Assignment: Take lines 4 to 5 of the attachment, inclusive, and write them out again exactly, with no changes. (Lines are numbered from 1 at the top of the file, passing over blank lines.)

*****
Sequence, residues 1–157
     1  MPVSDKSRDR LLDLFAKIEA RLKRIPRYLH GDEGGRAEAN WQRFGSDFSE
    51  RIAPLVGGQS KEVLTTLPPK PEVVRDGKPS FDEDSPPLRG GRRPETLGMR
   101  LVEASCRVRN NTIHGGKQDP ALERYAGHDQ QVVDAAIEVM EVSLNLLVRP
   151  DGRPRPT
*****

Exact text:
   101  LVEASCRVRN NTIHGGKQDP ALERYAGHDQ QVVDAAIEVM EVSLNLLVRP
   151  DGRPRPT